The second edition of Gully Goes to Halifax flew into my life recently. The story remains mostly unchanged but this edition has twice the page size and all the illustrations are in full colour, so I’m delighted about that.
I believe everyone is writer at heart because of course we all have things to say, ideas to share. This is one of the reasons why I particularly enjoy leading writing workshops for both children and adults but mostly, it’s about the stories that get shared. Surely story is the thread that binds us all together while, equally importantly, poetry tends to magnify and perhaps suggest a new way of seeing both the mundane and the magical.
Please visit me at: Quackadoodle.wordpress.com for sporadic but ongoing news of life down here on the farm
Jenni has been mentioned in “Our Choice Book List” and “Outstanding Canadian Children’s Books” by the Children’s Book Centre, Toronto. Her recent novel Island of Dead Souls came first in the Atlantic Writing competition YA category.
After spending most of his life in various parts of the United States, Gary immigrated to Canada several years ago. He lives on three acres of woods outside Tatamagouche.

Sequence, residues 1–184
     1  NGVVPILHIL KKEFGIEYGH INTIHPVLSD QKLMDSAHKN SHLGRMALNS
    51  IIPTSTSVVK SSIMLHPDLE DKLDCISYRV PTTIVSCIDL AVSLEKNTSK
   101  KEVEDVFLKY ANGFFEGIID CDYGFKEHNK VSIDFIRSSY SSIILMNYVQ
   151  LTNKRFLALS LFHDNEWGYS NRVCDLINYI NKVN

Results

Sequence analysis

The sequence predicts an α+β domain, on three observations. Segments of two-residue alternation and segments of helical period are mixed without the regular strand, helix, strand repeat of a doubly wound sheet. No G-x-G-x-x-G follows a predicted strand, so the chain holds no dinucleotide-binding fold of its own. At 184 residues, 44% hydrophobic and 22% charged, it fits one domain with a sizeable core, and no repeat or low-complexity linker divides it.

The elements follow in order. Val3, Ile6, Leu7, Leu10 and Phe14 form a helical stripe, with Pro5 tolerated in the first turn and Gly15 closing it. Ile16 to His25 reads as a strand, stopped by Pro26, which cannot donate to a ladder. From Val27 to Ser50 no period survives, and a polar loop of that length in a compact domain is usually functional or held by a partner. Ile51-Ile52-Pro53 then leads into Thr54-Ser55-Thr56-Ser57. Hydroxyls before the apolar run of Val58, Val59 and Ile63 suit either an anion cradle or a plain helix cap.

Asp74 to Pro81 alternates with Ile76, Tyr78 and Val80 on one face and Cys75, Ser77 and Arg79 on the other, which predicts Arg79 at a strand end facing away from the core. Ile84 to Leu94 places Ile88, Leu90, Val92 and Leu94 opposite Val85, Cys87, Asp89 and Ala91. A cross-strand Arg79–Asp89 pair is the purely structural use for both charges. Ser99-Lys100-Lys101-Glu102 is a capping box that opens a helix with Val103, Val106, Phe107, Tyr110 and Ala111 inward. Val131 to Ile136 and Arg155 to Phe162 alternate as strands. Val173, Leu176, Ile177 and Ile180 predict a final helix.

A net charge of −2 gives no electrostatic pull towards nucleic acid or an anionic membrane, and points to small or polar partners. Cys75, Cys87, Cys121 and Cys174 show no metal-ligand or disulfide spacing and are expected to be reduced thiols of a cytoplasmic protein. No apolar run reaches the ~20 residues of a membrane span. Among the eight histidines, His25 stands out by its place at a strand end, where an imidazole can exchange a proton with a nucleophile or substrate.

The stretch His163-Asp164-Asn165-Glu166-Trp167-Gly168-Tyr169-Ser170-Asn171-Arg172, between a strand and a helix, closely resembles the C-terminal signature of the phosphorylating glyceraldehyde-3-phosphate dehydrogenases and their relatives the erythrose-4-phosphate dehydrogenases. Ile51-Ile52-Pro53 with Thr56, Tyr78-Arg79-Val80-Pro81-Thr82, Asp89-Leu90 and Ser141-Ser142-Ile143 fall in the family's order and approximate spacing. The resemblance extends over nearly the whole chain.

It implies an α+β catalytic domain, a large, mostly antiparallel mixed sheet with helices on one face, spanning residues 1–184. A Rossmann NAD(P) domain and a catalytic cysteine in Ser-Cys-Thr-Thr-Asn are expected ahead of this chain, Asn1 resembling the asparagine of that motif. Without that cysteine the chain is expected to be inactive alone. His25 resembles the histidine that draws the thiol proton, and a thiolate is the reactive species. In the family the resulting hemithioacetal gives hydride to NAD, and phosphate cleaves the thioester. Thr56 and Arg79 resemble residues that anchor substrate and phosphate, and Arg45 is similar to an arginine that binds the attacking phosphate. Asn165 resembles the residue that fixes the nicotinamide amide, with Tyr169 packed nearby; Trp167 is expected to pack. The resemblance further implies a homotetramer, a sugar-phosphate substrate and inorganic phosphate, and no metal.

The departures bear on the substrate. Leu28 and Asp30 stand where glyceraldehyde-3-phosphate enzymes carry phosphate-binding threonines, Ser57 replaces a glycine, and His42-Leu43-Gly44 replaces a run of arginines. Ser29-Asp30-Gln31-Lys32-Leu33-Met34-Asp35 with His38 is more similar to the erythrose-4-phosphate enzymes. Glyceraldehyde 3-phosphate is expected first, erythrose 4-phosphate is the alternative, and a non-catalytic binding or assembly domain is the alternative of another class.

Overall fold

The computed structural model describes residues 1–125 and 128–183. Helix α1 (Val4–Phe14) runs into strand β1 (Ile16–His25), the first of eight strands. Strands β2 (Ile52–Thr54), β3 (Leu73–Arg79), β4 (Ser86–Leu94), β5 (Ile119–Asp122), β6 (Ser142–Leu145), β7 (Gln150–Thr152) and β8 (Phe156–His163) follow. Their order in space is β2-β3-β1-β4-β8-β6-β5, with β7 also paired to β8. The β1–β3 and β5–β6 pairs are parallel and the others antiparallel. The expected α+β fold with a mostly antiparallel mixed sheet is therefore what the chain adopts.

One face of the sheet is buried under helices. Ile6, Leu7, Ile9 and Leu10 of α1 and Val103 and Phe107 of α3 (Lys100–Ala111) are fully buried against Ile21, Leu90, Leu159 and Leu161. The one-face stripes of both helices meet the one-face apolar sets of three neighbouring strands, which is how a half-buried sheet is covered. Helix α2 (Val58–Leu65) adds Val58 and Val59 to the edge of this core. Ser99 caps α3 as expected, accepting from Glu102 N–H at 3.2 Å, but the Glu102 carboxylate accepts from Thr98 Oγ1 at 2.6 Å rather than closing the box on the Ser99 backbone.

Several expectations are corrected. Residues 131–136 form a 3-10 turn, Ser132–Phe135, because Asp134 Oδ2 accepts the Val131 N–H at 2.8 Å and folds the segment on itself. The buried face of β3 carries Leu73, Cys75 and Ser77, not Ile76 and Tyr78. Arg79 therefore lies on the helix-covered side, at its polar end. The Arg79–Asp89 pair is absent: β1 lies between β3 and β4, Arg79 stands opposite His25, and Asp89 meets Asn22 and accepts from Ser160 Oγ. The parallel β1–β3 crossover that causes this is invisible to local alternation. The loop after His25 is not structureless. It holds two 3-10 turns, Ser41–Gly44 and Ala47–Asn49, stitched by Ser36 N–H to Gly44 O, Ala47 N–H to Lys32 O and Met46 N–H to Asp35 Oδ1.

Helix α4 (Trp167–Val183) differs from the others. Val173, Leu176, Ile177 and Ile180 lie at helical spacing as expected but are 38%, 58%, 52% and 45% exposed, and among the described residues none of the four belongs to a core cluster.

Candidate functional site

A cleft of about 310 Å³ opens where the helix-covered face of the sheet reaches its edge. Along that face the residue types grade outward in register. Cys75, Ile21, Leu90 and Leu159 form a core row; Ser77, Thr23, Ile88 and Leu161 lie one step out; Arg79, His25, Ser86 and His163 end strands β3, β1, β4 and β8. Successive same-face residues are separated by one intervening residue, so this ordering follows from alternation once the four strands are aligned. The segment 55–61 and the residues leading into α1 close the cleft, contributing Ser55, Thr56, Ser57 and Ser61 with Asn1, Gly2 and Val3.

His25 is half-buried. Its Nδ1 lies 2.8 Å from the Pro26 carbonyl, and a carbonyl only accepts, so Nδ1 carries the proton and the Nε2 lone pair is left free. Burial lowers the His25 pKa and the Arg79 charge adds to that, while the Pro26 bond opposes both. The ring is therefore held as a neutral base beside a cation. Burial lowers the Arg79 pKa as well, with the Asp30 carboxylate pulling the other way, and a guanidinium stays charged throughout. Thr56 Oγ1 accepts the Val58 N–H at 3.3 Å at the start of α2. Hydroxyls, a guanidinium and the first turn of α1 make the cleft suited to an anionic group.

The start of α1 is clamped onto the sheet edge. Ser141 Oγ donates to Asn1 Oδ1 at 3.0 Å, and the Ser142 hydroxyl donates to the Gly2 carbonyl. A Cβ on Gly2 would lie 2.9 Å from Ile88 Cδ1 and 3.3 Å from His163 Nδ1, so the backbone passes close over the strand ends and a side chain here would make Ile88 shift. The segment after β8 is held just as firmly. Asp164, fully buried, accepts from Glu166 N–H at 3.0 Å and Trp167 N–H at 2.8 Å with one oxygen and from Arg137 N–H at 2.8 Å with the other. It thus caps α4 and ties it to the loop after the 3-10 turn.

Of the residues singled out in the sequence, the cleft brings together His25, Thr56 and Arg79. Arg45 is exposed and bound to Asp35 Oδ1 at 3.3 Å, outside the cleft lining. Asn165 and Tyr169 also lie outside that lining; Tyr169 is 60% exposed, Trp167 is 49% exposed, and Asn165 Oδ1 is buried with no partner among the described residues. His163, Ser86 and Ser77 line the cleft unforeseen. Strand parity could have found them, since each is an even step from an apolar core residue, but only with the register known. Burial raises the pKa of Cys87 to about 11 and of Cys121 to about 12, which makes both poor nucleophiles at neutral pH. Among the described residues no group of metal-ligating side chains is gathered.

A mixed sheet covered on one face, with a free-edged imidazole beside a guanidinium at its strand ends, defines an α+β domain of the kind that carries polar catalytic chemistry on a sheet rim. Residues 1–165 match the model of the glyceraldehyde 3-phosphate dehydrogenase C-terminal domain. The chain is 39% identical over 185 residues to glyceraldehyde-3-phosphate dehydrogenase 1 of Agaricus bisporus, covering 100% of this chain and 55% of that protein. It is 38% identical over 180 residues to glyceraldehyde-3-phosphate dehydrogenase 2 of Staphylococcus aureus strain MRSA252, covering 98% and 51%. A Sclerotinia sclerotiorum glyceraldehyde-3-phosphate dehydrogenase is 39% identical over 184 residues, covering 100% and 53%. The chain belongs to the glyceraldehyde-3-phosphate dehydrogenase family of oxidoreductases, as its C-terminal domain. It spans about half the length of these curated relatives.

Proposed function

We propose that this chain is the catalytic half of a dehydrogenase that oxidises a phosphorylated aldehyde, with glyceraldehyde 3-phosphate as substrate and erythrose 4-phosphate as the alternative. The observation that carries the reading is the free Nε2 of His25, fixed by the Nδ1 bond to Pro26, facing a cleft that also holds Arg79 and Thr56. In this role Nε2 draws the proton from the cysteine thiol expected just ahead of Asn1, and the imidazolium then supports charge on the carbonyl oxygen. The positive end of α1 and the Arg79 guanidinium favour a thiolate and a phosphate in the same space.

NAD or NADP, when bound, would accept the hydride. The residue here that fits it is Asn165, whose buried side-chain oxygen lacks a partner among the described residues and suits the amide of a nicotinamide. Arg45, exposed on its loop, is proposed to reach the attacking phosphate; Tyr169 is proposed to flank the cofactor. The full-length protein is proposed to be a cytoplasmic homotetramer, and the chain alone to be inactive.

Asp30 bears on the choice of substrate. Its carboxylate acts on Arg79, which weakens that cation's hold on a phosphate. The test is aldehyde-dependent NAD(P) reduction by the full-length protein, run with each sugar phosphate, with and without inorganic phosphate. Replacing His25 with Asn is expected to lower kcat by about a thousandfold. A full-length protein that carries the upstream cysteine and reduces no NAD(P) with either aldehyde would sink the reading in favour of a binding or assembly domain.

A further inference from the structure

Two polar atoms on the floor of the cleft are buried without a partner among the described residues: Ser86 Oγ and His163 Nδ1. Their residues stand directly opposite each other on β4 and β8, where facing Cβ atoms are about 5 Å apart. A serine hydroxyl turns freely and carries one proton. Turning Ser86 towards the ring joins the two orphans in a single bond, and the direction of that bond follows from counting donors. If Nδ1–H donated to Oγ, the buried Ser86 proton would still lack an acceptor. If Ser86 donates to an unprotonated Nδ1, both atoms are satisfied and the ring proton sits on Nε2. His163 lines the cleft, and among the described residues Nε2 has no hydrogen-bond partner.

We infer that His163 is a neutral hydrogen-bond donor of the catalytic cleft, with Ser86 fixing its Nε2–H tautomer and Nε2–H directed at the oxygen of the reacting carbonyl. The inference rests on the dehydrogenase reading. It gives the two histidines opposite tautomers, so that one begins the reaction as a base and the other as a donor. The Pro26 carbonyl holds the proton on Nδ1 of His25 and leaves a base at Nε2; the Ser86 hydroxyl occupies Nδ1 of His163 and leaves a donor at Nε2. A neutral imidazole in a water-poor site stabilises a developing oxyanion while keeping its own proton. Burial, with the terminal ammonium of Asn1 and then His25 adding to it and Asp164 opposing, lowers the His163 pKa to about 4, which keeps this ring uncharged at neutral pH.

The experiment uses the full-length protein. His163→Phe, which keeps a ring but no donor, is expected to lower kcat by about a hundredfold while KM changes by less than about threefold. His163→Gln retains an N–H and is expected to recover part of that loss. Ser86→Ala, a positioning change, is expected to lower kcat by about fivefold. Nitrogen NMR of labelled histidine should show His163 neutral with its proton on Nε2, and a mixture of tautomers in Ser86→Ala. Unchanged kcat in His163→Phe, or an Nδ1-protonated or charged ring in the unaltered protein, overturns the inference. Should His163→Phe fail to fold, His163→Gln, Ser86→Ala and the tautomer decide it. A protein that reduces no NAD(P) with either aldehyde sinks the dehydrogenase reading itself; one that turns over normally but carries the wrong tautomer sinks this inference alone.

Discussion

At sixteen, Gary got his first encouraging letter from an editor and sold his first story at nineteen. After this promising start, he produced a seemingly endless string of unpublished books and collected a prodigious quantity of discouraging letters from editors. Finally, in 1987, Atheneum published his juvenile novel, Wild Timothy, followed by The Dying Sunand Beyond the Door. Then his editor was fired. Seven long years later – during which time he worked for The Institute of Children’s Literature, teaching others how to write and not sell their work – the publication of The Shakespeare Stealer resurrected his writing career, which has been goig strong ever since. His work covers the whole spectrum of kids’ books, from picture books to young adult, both fiction and nonfiction. Any time that’s left over hedevotes to writing plays for adults and young audiences. His adaptation of The Shakespeare Stealer has been produced many times in the U.S. in such venues as the Kennedy Center and Seattle Children’s Theatre.
Andrew Battershill is the author of two novels, Pillow (Coach House Books, 2015) and Marry, Bang, Kill (Gooselane Editions, 2018). Pillow was longlisted for the 2016 Scotiabank Giller Prize and shortlisted for the Kobo Emerging Writer Award. Marry, Bang, Kill was named one of The Globe and Mail’s top 100 books of 2018. Recently, he was the 2018-2019 Writer-in-Residence at the Regina Public Library, and the 2019 Writer-in-Residence at the Richmond Public Library. He is married to the poet and essayist Suzannah Showler. He is currently enrolled in the Masters of Library and Information Science at Dalhousie University with the goal of working in public service.